San­ders’ health care plan is miss­ing its price tag

The Denver Post - - OPINION - By Megan McAr­dle A longer ver­sion of this col­umn is at den­ver­­ion.

So Bernie San­ders has a health care plan. It sounds won­der­ful. It cov­ers ev­ery­thing, from den­tal to long-term care. There will be no co-pays or de­ductibles. You will not have to has­sle with an in­surer over what’s cov­ered. There’s just one small prob­lem, which is how he is plan­ning to pay for this.

Yes, his health care plan lays out rev­enue es­ti­mates in great de­tail. But the rev­enue es­ti­mates and the cost es­ti­mates are too rosy for me to take se­ri­ously.

The Na­tional Health Ex­pen­di­ture data says we spent about $3 tril­lion on health care in 2014 from all sources — govern­ment in­sur­ance, pri­vate in­sur­ance, out of pocket. The govern­ment al­ready spends $1.3 tril­lion, or there­abouts, so we can’t fairly count that against San­ders’ health care plan. How­ever, that leaves us with about $1.7 tril­lion to go. Yet San­ders claims that his plan, de­spite pro­vid­ing vastly more gen­er­ous ben­e­fits than ba­si­cally any plan in ex­is­tence, will cost only $1.35 tril­lion a year. That’s a pretty big gap. How does he get there?

“Re­form­ing our health care sys­tem, sim­pli­fy­ing our pay­ment struc­ture and in­cen­tiviz­ing new ways to make sure pa­tients are ac­tu­ally get­ting bet­ter health care will gen­er­ate mas­sive sav­ings.”

When Rea­gan pro­posed his first fed­eral bud­get, his bud­get di­rec­tor, David Stock­man, no­to­ri­ously dis­ap­peared the bal­loon­ing deficits into a multi­bil­lion­dol­lar line item of sav­ings to be named later — a so-called Magic As­ter­isk. All bud­gets have a whiff of this about them, but few have dis­played the dar­ing of Stock­man.

But San­ders has sur­passed his pre­de­ces­sors by a wide mar­gin. He has pro­posed a Magic As­ter­isk worth a third of a tril­lion dol­lars a year.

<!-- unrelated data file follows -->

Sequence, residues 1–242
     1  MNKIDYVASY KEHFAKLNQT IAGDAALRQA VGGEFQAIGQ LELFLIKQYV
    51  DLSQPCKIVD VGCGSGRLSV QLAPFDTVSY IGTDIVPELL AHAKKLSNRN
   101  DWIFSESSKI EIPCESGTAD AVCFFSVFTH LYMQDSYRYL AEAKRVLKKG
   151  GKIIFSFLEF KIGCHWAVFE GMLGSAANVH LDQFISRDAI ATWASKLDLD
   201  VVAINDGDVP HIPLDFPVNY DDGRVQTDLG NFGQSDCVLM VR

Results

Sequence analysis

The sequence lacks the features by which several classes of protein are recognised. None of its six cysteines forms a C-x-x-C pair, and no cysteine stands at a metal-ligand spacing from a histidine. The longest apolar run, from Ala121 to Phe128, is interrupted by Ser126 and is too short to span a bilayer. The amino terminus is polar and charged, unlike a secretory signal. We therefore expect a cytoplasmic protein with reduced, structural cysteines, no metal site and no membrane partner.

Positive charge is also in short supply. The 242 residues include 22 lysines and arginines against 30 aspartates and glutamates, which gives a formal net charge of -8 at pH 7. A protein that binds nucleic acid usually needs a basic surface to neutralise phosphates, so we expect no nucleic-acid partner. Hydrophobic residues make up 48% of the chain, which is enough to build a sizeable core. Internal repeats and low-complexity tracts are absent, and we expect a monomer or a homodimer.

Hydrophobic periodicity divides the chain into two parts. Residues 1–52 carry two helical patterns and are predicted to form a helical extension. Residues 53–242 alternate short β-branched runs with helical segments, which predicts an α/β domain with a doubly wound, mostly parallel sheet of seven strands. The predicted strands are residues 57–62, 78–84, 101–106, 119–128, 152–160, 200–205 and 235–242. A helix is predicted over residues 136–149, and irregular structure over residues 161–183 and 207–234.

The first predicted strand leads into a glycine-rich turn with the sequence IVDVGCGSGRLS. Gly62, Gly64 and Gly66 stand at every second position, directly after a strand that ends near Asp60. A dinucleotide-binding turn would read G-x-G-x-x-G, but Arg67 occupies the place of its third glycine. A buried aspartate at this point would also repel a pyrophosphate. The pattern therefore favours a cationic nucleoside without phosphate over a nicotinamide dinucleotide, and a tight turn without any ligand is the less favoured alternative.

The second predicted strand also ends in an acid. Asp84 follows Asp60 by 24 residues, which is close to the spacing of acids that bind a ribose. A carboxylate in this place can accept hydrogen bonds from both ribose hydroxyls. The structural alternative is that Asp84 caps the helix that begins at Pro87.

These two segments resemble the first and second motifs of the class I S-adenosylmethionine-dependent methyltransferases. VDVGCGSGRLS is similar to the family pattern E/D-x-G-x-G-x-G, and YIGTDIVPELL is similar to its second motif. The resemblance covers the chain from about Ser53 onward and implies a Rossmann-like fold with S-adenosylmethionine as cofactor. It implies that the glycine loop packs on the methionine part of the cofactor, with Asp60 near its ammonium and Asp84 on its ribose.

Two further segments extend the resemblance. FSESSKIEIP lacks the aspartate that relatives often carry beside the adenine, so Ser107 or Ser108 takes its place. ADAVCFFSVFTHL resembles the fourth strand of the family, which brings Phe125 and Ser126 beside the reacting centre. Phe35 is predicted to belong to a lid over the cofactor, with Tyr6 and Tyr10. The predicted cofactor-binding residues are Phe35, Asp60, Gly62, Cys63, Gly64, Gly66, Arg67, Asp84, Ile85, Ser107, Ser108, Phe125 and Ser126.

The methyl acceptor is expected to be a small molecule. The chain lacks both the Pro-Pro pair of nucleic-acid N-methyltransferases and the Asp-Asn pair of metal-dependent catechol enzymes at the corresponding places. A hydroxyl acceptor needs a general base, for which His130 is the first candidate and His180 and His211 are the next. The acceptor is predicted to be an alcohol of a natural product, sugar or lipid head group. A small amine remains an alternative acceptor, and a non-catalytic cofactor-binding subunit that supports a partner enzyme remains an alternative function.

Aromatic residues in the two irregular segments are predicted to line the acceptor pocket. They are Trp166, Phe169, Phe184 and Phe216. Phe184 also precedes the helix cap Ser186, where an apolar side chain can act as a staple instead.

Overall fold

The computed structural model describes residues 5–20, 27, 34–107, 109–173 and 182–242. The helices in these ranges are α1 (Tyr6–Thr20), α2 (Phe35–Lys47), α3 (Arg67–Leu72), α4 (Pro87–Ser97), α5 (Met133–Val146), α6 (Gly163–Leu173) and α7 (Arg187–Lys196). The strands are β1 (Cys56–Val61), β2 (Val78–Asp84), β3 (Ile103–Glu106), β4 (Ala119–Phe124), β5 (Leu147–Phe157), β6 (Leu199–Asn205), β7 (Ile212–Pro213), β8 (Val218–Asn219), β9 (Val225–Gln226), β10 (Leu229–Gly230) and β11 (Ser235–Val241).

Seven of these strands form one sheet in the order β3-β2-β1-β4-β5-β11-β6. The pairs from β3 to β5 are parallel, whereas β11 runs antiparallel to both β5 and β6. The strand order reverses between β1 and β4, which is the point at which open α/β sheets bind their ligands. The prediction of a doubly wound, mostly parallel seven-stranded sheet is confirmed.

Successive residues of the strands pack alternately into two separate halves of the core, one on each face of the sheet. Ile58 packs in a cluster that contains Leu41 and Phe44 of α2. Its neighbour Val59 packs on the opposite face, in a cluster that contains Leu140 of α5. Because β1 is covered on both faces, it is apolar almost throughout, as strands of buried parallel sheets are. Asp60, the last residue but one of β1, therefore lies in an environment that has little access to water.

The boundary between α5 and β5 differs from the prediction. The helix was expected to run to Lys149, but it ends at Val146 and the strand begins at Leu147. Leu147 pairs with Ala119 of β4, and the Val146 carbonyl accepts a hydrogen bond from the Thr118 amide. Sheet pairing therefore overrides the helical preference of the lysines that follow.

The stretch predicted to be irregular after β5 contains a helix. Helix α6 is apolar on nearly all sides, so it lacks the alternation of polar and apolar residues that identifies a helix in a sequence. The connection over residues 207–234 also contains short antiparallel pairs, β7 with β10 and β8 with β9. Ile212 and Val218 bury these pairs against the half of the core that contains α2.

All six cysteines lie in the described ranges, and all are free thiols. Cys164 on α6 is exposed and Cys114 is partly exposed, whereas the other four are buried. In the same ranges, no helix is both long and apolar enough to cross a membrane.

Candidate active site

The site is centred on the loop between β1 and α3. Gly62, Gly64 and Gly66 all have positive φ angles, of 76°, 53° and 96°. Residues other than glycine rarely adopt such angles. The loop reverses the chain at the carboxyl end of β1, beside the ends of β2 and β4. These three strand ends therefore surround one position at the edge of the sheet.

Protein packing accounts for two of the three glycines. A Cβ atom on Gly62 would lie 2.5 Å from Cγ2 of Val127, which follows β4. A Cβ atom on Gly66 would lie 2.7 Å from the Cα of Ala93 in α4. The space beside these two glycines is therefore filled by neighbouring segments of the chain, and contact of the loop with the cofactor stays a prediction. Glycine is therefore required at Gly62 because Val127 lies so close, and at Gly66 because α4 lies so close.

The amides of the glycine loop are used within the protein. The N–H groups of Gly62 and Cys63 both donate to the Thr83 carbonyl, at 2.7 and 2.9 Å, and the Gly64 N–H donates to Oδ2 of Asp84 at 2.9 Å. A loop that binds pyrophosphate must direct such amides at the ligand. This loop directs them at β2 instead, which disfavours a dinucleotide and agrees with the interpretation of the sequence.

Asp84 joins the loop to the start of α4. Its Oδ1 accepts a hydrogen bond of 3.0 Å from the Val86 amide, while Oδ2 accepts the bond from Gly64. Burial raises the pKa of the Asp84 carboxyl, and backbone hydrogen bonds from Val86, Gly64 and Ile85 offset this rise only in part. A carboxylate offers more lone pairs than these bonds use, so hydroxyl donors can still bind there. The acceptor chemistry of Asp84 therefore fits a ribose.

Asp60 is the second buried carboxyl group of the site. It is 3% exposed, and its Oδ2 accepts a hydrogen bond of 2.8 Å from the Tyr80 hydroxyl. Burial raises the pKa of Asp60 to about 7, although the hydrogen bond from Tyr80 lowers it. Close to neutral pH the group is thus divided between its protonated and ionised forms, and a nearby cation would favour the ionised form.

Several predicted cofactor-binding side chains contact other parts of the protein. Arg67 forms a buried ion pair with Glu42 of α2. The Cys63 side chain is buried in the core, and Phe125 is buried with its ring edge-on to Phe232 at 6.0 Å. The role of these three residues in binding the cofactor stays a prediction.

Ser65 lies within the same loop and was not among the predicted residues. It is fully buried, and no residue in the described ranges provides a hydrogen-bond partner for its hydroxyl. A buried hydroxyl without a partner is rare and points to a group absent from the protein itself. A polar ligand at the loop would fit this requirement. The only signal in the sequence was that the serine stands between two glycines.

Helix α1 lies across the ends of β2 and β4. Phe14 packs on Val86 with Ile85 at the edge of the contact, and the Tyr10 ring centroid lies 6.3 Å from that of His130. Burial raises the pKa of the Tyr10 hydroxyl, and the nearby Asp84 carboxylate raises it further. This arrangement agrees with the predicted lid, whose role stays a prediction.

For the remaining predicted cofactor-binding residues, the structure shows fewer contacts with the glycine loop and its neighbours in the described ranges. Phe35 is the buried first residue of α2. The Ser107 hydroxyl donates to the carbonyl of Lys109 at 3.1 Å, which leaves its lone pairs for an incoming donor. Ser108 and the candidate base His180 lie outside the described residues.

At this, we are be­ing char­i­ta­ble. If you make health care ab­so­lutely free to pa­tients, and refuse to al­low your govern­ment in­surer to deny treat­ments, then peo­ple are go­ing to use more health care. So we shouldn’t be start­ing with a base­line of $3 tril­lion; we should be start­ing well above that. Call it $3.15 tril­lion, and we’ll put the to­tal gap he needs to cover at around a half a tril­lion dol­lars a year.

By any rea­son­able mea­sure, San­ders’ plan would put a big­ger hole in the bud­get than Marco Ru­bio’s tax plan. And that is not, of course, count­ing the cost of any of his other pro­pos­als, just his sin­gle-payer sys­tem.

But don’t sin­gle-payer sys­tems cost less? Not un­less you have a plan to make health care work­ers ac­cept less pay, close the hospi­tals that are hov­er­ing on the verge of red ink, and oth­er­wise mas­sively drive down the prices that we pay for health care.

And no, it can’t all come out of pre­scrip­tion drugs, which con­sti­tute only about a 10th of our health care spend­ing, much of that on al­ready-cheap gener­ics. We also can’t make it up from preven­tive medicine (which costs money, rather than saves it, what­ever its other ben­e­fits), or un­com­pen­sated hos­pi­tal care, or any of the other “magic pots of money” that were hy­poth­e­sized to ex­ist when Oba­macare was be­ing de­bated. If we want to raise money for sin­gle payer, we are go­ing to have to take the bor­ing, old-fash­ioned step of mak­ing some­one empty their pock­ets and pay.

What makes our health care sys­tem ex­pen­sive is not in­sur­ers, who have quite mod­est profit mar­gins, nor high ad­min­is­tra­tive over­head. What makes it ex­pen­sive is the cost of la­bor in the health care sys­tem, the cost of the med­i­cal devices and fancy new drugs we’d all very much like to con­tinue hav­ing in­vented, and the in­dus­try’s very pricey phys­i­cal plant.

We could force all health care work­ers to take a dou­ble-digit across-the-board pay cut, of course. But we can do that with­out a sin­gle-payer sys­tem. What we lack is not the abil­ity, but the political will. Judg­ing from his health care plan, San­ders isn’t any braver than all the politi­cians be­fore him who have res­o­lutely failed to, say, slash Medi­care physi­cian re­im­burse­ments.

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